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The ten ultimate predicates Aristotle lists in Categories may be separated into two divisions, substance and the remaining nine. Substance is by far the most important; it is presupposed by all the others—they are really all characteristics or properties of substances. Within the broad category of substance, Aristotle distinguishes primary and secondary substance. Philosophers have often held that Aristotle’s primary substance was the substratum of later metaphysics. Aristotle says that it is neither “predicable of” nor “present in” a subject, and he lists as examples the individual person or the individual horse. Secondary substances are the species of which primary substances are members; “person” and “horse,” for example, are illustrations of secondary substances. One might get closer to Aristotle’s doctrine if one recognizes that practically everything he meant by substances could be included if one talked merely about that which is symbolized by whatever word may stand as the subject of a proposition.

However, it would be going beyond the doctrine of Categories to charge Aristotle with a substratum view of primary substance. Actually, Aristotle seems to mean by primary substance merely the commonsense notion of a living individual thing. After all, the term “thing” is metaphysically vague and its mere occurrence in a passage is not sufficient ground for inferring that Aristotle held a substratum doctrine. Examination of the words “predicable of” and “present in” (a subject) reveals insufficient support for a substratum view. The remarks Aristotle makes immediately following the distinction between primary and secondary substance show that by “predicable of,” he means the relation between a genus or species and one of its members (for example, the species man is “predicable of” the substance Socrates), while “present in” refers to the relation between a substance and one of its attributes (for example, the attribute rational is “present in” the substance Socrates).

Before dispensing with this question, however, it is important to note a remark that Aristotle makes shortly following the section discussed above. He states that primary substances are most properly called substances as a result of the fact that they are the “entities which underlie everything else,” and that everything else is predicated of or present in them. In another place, he states that primary substances are called primary because they “underlie and are the subjects of” everything else. Now although “underlies” immediately suggests “substratum,” it is important to bear in mind that the substratum doctrine was not fully developed until the medieval period, long after Aristotle’s death. One should beware of anachronism and avoid attributing to Aristotle a view that was not current until after his time. If nothing is attributed to him that cannot be supported by the statements he makes in Categories, it is clear that he does not there hold such a view. For the words “present in” and “predicable of” do not by themselves entail a substratum view, and “underlie and are the subjects of” are words that show that Aristotle treats “underlie” as equivalent in meaning to “are subjects.” It would therefore seem wiser to recognize that there is not sufficient evidence to support the view that Categories sets forth a substratum view. What Aristotle had in mind when he spoke about primary substances was simply individual living things without the metaphysical and epistemological frills that decorate the substratum doctrine.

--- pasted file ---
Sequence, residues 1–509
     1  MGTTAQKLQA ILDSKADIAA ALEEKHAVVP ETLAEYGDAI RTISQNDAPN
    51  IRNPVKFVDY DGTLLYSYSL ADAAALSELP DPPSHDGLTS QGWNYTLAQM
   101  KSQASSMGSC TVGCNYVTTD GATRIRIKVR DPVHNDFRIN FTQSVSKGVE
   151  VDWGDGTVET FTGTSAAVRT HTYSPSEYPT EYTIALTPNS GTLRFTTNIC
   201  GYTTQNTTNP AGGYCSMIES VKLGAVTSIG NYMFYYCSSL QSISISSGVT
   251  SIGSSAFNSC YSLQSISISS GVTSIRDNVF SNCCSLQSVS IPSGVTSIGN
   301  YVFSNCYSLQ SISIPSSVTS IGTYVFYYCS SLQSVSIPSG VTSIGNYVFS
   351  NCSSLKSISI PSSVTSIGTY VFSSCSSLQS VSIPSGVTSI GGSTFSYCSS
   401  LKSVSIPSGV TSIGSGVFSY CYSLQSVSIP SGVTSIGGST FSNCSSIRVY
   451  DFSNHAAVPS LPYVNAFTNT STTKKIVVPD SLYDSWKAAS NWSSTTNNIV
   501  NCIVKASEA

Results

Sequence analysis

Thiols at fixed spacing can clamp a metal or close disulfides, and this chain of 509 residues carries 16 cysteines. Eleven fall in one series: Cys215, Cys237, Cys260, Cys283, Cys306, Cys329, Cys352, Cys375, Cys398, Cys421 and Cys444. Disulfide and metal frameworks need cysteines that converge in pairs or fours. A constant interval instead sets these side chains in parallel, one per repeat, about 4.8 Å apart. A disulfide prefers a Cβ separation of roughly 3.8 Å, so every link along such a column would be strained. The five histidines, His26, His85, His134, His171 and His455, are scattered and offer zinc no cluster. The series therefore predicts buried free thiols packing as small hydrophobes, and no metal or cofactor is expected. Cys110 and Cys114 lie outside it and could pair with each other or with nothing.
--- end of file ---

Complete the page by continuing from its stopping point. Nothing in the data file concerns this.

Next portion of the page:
Prior Analytics

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Considerable interest has developed in Aristotle’s syllogistic as it is presented in Prior Analytics. Viewed on its own merits, apart from the additions and revisions of “traditional logic,” the doctrine of Prior Analytics is seen to be surprisingly modern and innocent of many of the charges often made against it. It lacks the refinement of contemporary functional calculi, but it nevertheless is a surprisingly sophisticated formal, axiomatic system, needing but little to make it a completely acceptable logical calculus.

A modern logical calculus includes four elements:1. A set of terms that are undefined (within the calculus) or “primitive” and that serve as a basis for defining all other terms in the system. Examples of such primitive terms in a logical calculus are “not” and “if . . . then . . . ” and the notion of a variable. 2. Formation rules that specify which expressions are to be included as well-formed and which expressions are inappropriate or not well-formed. For example, everyone recognizes implicitly that “The instructor is tardy” is a sensible English sentence and that “The stone sang a solo” is inappropriate or not well-formed. The formation rules explicitly state the conditions well-formed expressions must meet. 3. Certain axioms or postulates from which the theorems of the system are derived. Euclid’s axiom that the shortest distance between two points is a straight line is an example—taken from geometry rather than logic, of course—of an unproved axiom. 4. A set of rules specifying how the theorems are to be derived from the axioms.

Aristotle does not call his primitive terms by that name, but he uses “not” and “and” and “if . . . then . . .” as primitives, taking it for granted that the reader can also use them, and offering no definitions for them. In the case of variables, however, he has clearly and self-consciously arrived at the modern point of view. Throughout Prior Analytics, he uses letters of the alphabet in stating his syllogistic forms, and only after stating them formally does he give examples of terms that can be substituted for the variables. For example, he discusses syllogistic forms of the first figure using the letters A, B, and C, and then often lists terms that can be taken as values for these variables, terms such as “horse,” “man,” and “animal.”